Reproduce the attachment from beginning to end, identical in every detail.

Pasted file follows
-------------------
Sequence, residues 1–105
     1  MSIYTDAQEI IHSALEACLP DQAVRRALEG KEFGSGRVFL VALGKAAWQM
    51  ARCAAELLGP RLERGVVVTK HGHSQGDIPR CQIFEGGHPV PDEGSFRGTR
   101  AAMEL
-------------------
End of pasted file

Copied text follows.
Sequence, residues 1–105
     1  MSIYTDAQEI IHSALEACLP DQAVRRALEG KEFGSGRVFL VALGKAAWQM
    51  ARCAAELLGP RLERGVVVTK HGHSQGDIPR CQIFEGGHPV PDEGSFRGTR
   101  AAMEL